There is much discussion of societal evil by contemporary world leaders especially as Pope Francis embarks on a tour of unity and advocacy, seeking solidarity with global leaders. Those who control powerful institutions sit back and lecture others about the evils of hegemony seem to be blind to the irony of their criticism. Their critique of the excesses of individuals and private actors exempts their own actions, which are often the real cause of those things they reject as immoral. For instance, the so-called “people’s pope” met with Cuban oligarchs, not Cuban dissidents, and is now meeting with federal officials, not the poor and oppressed of America.
But their hypocrisy highlights a particularly perverse form of morality- the very real, and very perverse, morality of statists. Once, it was total anathema to Western values of liberalism and lifeblood to the collectivist theories espoused by Soviet leaders. Now, as government powers burgeon, it is infiltrating classically liberal echelons.
The social contract theory recognizes, in a state of nature, men possess natural rights, but must live in constant fear as there is no overarching organ that has the authority to reign in man’s transgressions against his fellow man. This, John Locke explains in the “Second Treatise on Government,” makes men “willing to join in society with others, who are already united, or have a mind to unite, for the mutual preservation of their lives, liberties and estates.”
The reciprocality of rights — an understanding that the individual desire to live in security ought to engender respect for the same feeling in another — is explained in “The Theory of Moral Sentiments” by Adam Smith: “Every faculty in one man is the measure by which he judges of the like faculty in another.”
These dual ideas do not abrogate the possession of individual rights in an absolute sense, merely acts as a sort of sluice-gate, ensuring that the free exercise of liberty ebbs and flows in an orderly manner which impedes no man with honest intentions.
This, however, requires total neutrality—a government that is inhuman in that it is value-judgment blind. The introduction of emotionalism into a federal body is the death knell for protection of the only true minority: the individual.
Power concentrated in the hands of a central authority, especially one that has an egalitarian duty to provide for corporeal needs—housing, health care, a secure job—cannot be emotionless. It must provide, which means it must derive resources from somewhere and prioritize need, and since it’s a public entity, this means taking from one group in order to provide for another.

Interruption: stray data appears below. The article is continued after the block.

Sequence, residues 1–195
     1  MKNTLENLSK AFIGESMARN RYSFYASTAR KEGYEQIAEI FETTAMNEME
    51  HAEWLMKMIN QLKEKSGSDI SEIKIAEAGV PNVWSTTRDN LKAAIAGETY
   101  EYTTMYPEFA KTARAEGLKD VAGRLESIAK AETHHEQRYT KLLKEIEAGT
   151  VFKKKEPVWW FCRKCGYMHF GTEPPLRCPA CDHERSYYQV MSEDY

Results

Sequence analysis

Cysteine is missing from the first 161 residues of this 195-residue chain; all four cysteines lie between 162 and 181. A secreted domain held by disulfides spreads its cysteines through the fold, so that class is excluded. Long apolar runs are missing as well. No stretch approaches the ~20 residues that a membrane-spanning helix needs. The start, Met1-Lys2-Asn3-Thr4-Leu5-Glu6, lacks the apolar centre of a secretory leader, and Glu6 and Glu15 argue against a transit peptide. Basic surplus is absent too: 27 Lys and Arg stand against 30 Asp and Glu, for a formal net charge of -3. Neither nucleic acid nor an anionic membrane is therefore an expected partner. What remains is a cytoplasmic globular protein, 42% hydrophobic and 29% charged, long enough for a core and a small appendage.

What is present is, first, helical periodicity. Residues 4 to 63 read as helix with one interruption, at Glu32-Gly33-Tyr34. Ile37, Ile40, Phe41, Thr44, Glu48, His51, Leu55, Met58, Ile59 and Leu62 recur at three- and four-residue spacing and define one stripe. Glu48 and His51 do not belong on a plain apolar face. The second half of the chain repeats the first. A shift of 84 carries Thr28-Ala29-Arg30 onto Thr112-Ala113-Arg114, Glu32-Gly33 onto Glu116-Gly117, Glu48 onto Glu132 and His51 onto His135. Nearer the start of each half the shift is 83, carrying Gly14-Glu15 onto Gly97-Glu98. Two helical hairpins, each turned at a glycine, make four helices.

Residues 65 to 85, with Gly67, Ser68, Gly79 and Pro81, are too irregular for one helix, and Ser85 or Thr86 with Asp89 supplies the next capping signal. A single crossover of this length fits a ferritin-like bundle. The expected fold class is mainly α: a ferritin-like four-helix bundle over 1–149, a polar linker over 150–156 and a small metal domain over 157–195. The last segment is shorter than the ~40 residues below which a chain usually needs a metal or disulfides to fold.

Essentially, government is cognizant. It functions as an individual because it has will, to legislate towards a purpose, and the means to take action. It has become a living being.
Now, like any other sentient creature, it is bound and compelled by natural law, the first rule of which is survival and the second of which is thriving.
But, there is no redress of grievances. There is only power in the executive, legislative and judicial branches concentrated in the hands of a biased authoritarian figure whose consciousness—dreams, desires, failings—have been transferred to government’s organs. The legal process is now a sham, a personal tool. The inevitable end result: rapaciousness, death, suffering on a mass scale. Stalinism and Leninism and their evils are not perversions of some greater ideological good. They are the inevitable end result.
This is not rational self-interest. This is barbarism, a state of anarchy. But, it is moral. Property rights are the true heart of natural law, and the heart of property is the concept of “I.”
Yet, it is unconscionable that clumsy, raw ambition can justifiably run over more honest and better men whose only crime is a lack of connections or a limiting set of moral precepts. The sense of compassion described by Smith ought to make any feeling man’s stomach churn.
Indignation and sickness, such as what’s felt when accounts of Stalin’s terrors are read, are also moral. And precisely why the horrible potential of statism cannot be allowed to gain a foothold in any truly liberal society.
This means that the false compassion of ideologies like social justice, which claim to be populist yet cede self-autonomy to a broad power removed from the individual, must be reviled. Though in the short run they seem to be compassionate, in the long run they only serve tyranny.